A couple married in 2000 and had two children, ages nine and twelve. In 2016, the couple separated and the mother left Canada with her children for the UK. This departure sparked years of litigation for the couple, including the Hague Proceedings for the Children’s Return to Canada and a family law dispute in Ontario. During this time, the father waged a long-term campaign against the mother that lasted until the last day of this family law process. The father’s cyberbullying included posting on websites, YouTube videos, online petitions, and emails listing personal, private information and allegations of abuse against the mother, her children, and his in-laws. He also filmed judicial access visits with his children, which he then edited and posted online with abusive comments. The couple’s daughter, who has a neurological disorder and is on the autism spectrum, was also often the center of the father’s posts. The father accused the mother and her family of kidnapping and drugging the daughter and made frequent comments on her development in his online public posts.
The father’s cyberbullying continued despite an Ontario court order prohibiting him from filming or recording his children. Instead, the father created another online campaign to “disempower” the nameless justice of the Ontario Supreme Court (the “Court”) based on their decisions on the case.
During the family law trial, the mother filed a civil lawsuit against the father demanding $ 150,000 for intrusion, deliberate psychological distress, invasion of privacy, and $ 300,000 for punitive damages.
What did the Tribunal say?
We reviewed the current law and outlined the previously recognized privacy encroachments on seclusion and public disclosure of embarrassing private facts. In particular, the Court has re-examined the “catalog of four offenses” described in a landmark privacy article by an American professor approved by the American Law Society. That catalog contained the tort of “advertising that misleads plaintiff in public,” which was the only remaining tort not yet recognized by Ontario law.
The Court ruled that this remaining tort of “advertising that puts the plaintiff in the wrong light” should be recognized in this case and would be found in the following circumstances if:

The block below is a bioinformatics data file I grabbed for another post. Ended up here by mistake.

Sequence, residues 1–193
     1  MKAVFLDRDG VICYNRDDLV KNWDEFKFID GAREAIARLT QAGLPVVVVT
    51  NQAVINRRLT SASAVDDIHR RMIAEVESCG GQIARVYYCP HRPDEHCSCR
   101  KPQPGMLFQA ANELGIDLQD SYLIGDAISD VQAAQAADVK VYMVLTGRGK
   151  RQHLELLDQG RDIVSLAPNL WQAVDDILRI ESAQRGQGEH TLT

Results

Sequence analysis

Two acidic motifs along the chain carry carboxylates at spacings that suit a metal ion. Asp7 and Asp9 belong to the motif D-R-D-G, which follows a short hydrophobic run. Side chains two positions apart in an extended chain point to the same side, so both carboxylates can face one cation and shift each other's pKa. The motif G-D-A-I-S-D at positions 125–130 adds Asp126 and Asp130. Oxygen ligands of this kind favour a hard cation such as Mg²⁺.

- The false light in which a party has been placed would be most offensive to a sane person. and
- The actor was aware of the falseness of the matter published and the false light in which the party would be placed, or acted in reckless disregard.
The Court distinguished this new tort from libel. We made it clear that while the advertisements giving rise to the cause of the lawsuit are often defamatory, defamation is not required as the test only requires a reasonable person to find it extremely offensive to be so misrepresented in public become as it was. Furthermore, the actor may be held liable whether the advertisement in this new tort is true or false.
The court eventually ruled that the father’s conduct in this case complied with the requirements of the nature of the invasion of privacy (including this new tort) and the deliberate infliction of psychological distress. In assessing the appropriate compensation for breach of this new data breach, the Court used the following four-factor test in libel cases:
- the nature of the false advertising and the circumstances in which it was made;
- the nature and position of the victim of false advertising;
- the potential impact of the false announcement on the plaintiff’s life; and
- the actions and motivations of the accused.
The court found the father’s conduct was particularly egregious and granted the mother $ 100,000 for the tort of privacy invasion, in addition to the $ 50,000 and $ 150,000 she made for the deliberate infliction received from psychological suffering or punitive damages.
Take away for employers
While this new tort was recognized in the context of a family law dispute, it is important to employers as it provides legal action for both employees and employers who have been the subject of false public statements.